Bruce Baker of Rutgers is one of the wisest and sharpest critics of the privatization movement (aka “reform”).

In this post, he analyzes two favorite terms of the privatizers: “relinquishment,” which means “give up,” abandon your antique belief in public education, turn your school over to private management and get over it. The other is “sector agnosticism,” which means pretty much the same thing as relinquishment.

You have to wonder where these guys get this jargon. Do they make it up all by themselves? Or do they hire Republican pollster-linguist Frank Luntz to help them figure out words and terms that will make them sound high-minded, thoughtful, and important as they scheme to dismantle and hand off the public schools?

Then there is that term that Baker refers to here: The privatizers want “not a great school system,” but “a system of great schools.”

I first heard Joel Klein use that term about a decade ago, and I didn’t fully understand what he meant by it.

Now I understand.

It means that the privatizers have no idea how to improve low-performing schools, so they close them. Then they hope that some entrepreneur will step up and offer to take some of the students and start over. The others, well, they are out of luck; they will be bounced around from school to school. If the new school doesn’t work out, then the privatizers close that too.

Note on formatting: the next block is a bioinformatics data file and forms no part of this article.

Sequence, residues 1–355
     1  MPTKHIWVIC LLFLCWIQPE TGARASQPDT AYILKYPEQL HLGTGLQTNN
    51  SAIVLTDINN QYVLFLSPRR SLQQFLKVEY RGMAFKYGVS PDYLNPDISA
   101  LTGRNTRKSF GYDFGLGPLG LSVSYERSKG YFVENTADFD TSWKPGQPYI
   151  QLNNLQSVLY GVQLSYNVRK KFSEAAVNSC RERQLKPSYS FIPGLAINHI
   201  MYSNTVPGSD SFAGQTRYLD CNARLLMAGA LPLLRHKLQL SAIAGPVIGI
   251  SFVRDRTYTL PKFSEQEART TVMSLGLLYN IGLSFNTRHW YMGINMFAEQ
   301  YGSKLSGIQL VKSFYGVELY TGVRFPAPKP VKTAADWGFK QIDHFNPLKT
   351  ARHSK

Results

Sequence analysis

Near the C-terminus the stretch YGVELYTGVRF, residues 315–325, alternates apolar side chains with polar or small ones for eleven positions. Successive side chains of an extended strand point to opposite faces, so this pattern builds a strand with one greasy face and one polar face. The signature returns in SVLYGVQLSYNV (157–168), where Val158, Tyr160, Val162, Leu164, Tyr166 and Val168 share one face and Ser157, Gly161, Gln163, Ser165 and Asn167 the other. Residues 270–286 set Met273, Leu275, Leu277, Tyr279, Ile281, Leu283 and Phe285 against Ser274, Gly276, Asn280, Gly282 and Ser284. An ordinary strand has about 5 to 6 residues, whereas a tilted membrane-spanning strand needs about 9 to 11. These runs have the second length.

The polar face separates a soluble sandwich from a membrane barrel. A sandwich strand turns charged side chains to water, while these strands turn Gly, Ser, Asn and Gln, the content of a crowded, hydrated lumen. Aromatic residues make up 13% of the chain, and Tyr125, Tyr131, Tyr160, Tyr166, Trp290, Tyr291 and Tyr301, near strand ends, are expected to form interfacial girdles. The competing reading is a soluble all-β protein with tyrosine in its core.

At some distant point in the future (or never), the city will have only “great” schools because all the “bad” schools were closed. But that point never arrives, as we have learned in New York City. Instead, the Mayor just keeps closing schools every year, the schools that enroll the kids that no one wants.

The bottom line: the privatizers will keep trying to persuade you to give up (relinquish) as they hand off the students, the buildings, and the funding to private operators. The private operators won’t do any better, if they take the same students, but that doesn’t matter. The victory (for them) comes as a result of the dissolution of public education. Once gone, can it be reassembled? The loss (for us) comes as a result of the destruction of one of our great institutions of democracy.